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Troy Mine Stabilizes, Remains Closed
Earthquakes keep mine closed into New Year
Safety and Health Supervisor Austin Wilson stands in the flotation room at the Troy Mine Flotation Mill in Lincoln County. - File photo by Lido Vizzutti/Flathead Beacon
Nearly a month after falling rock forced Revett Minerals, Inc. to cease underground operations near Troy, the Lincoln County copper and silver mine remains closed. CEO and President John Shanahan said unstable ground conditions and a recent earthquake have kept the mine from reopening as planned.

“I think we’ll be back up and running again soon,” he said. “We’re all looking forward to getting back to work.”

On Dec. 1, company officials decided to stop all underground mining after a series of rockslides inside abandoned parts of the mine. Shanahan said rain throughout November and freezing temperatures in December are part of what led to the unstable conditions. Because of that, the rock inside the mine began to fracture and crack. A small earthquake on Dec. 20 followed the unstable ground conditions.

On that day, the United States Geological Survey reported a 3.1 magnitude earthquake 29 kilometers southwest of Libby. The epicenter was less than a mile beneath the surface.

“Given the activity we saw in December, we decided we should install (geophone) monitors,” Shanahan said.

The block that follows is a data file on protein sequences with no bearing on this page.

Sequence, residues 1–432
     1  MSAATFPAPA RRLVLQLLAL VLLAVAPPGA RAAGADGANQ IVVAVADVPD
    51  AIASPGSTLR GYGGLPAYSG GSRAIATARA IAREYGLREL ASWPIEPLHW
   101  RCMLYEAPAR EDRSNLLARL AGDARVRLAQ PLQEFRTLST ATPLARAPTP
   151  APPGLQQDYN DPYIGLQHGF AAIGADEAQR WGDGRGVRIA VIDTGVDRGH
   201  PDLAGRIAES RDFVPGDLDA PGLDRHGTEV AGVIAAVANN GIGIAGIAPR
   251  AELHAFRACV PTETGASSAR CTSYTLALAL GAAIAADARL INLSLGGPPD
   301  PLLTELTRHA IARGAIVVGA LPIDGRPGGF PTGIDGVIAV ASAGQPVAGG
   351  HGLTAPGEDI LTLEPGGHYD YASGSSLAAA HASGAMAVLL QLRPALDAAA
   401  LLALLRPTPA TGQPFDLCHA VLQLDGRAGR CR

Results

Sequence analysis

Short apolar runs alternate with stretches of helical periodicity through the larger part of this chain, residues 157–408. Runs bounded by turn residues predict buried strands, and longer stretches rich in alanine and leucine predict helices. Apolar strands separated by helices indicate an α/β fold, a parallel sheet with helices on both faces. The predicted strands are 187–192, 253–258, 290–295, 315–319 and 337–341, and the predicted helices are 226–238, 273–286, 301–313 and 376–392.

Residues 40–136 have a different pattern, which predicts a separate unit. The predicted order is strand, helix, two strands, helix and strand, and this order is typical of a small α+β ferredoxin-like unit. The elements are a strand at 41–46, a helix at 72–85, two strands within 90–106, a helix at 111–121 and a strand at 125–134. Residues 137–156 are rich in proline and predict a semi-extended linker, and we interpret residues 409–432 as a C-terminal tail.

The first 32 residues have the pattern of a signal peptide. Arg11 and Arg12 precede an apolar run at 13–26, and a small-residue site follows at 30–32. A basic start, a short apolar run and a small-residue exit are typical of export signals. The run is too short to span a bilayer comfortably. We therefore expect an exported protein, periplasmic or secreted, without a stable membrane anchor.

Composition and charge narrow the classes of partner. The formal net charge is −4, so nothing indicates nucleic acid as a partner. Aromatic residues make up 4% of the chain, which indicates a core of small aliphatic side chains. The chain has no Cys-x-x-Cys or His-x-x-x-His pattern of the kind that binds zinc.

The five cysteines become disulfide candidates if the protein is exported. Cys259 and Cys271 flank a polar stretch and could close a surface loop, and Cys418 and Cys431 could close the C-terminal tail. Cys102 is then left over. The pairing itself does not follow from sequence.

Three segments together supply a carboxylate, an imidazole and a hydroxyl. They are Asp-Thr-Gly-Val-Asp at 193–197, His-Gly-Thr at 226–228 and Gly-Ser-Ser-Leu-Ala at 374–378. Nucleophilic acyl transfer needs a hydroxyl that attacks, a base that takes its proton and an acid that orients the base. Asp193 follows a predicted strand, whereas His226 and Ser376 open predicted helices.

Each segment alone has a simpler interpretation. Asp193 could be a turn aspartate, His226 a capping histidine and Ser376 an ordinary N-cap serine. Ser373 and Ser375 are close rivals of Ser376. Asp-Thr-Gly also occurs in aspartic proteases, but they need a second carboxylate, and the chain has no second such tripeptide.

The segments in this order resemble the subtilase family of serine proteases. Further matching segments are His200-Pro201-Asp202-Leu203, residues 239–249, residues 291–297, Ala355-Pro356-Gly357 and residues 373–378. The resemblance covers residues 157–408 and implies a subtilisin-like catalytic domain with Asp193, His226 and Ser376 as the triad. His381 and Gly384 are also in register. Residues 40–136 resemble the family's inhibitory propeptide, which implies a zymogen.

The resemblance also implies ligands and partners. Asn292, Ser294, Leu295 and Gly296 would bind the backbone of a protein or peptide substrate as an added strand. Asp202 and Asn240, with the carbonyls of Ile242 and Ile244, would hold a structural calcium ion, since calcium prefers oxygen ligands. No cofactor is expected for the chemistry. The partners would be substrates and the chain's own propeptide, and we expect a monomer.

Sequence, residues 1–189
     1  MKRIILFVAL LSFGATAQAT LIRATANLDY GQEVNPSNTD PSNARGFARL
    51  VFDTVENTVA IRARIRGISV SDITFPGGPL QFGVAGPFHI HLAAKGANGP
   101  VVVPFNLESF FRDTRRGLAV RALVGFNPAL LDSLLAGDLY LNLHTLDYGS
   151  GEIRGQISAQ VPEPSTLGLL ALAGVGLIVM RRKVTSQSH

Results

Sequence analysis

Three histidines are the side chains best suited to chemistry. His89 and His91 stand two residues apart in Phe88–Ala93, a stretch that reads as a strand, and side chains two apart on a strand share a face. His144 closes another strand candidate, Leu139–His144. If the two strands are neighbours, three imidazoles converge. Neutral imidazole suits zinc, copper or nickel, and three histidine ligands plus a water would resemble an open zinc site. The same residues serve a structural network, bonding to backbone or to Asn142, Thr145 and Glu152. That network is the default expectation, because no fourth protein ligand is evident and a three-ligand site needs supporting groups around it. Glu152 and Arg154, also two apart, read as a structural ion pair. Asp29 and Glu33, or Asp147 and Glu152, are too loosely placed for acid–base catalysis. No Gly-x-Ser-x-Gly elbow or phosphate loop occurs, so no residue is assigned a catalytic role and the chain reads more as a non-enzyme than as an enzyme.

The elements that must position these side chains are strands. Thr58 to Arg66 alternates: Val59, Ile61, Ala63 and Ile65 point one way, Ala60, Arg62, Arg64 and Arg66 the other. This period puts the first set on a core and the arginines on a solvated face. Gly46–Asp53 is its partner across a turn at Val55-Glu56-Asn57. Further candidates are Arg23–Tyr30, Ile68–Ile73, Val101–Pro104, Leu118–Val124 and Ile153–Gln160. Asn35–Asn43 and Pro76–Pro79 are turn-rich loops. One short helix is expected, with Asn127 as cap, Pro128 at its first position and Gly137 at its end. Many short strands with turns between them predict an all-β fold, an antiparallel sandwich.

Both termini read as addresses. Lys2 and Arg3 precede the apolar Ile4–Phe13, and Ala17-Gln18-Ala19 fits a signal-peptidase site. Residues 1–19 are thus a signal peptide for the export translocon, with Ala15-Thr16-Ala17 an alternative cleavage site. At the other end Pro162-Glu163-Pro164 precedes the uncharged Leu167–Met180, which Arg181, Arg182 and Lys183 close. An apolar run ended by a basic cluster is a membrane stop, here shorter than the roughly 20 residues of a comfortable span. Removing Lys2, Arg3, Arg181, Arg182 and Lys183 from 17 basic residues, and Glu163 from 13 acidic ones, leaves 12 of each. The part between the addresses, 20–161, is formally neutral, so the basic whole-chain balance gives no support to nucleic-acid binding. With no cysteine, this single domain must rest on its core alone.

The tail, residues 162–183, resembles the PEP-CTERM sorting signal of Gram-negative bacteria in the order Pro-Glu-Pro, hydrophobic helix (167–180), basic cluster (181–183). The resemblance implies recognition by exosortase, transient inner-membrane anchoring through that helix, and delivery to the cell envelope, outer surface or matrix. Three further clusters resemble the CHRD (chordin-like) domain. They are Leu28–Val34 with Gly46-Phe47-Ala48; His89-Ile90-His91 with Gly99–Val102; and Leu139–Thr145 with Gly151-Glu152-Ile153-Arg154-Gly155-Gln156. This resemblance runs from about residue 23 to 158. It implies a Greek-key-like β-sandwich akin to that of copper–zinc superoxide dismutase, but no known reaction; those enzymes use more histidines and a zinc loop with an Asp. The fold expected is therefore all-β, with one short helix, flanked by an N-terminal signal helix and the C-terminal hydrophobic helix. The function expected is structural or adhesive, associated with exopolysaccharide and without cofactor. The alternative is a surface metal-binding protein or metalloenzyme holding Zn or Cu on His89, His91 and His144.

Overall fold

Shanahan said the geophones can gather data about how much the ground moves and can recognize anything from a truck driving by to an earthquake. He said this was the first time any such equipment has been put in the mine and hopes to complete the installation by the middle of January.

Since the Dec. 1 closure, Revett has monitored conditions underground. Even if no one is deep beneath the Cabinet Mountains looking for silver and copper, Shanahan said all 205 employees are working, mostly on above ground maintenance and cleanup projects. Shanahan said no one has been laid off because he remains hopeful that the mine closure is temporary.

The closure has not only slowed production, but also slowed Revett’s plans to announce projections for 2013. Shanahan had hoped to announce the production numbers in mid-December, but that will likely not happen until the mine reopens.

The December slowdown put a significant dent in the mine’s projected copper and silver production numbers for 2012. As of Nov. 30, the Troy Mine had shipped 1.1 million ounces of silver and 7.5 million pounds of copper. In May, the company announced plans to produce 1.4 million ounces of silver and 11.5 million pounds of copper.

Shanahan said it was still too early to know how the shutdown would affect the coming year, but added that safety is his primary concern. Revett plans to work with the Mine Safety and Health Administration to determine when the Troy Mine will reopen. He said ground conditions are slowly getting better and was hopeful that operations could start back up sometime in January. However, he was hesitant to give an exact date.

“It’s mining,” he said. “And mining has a way of throwing curve balls at you.”
 
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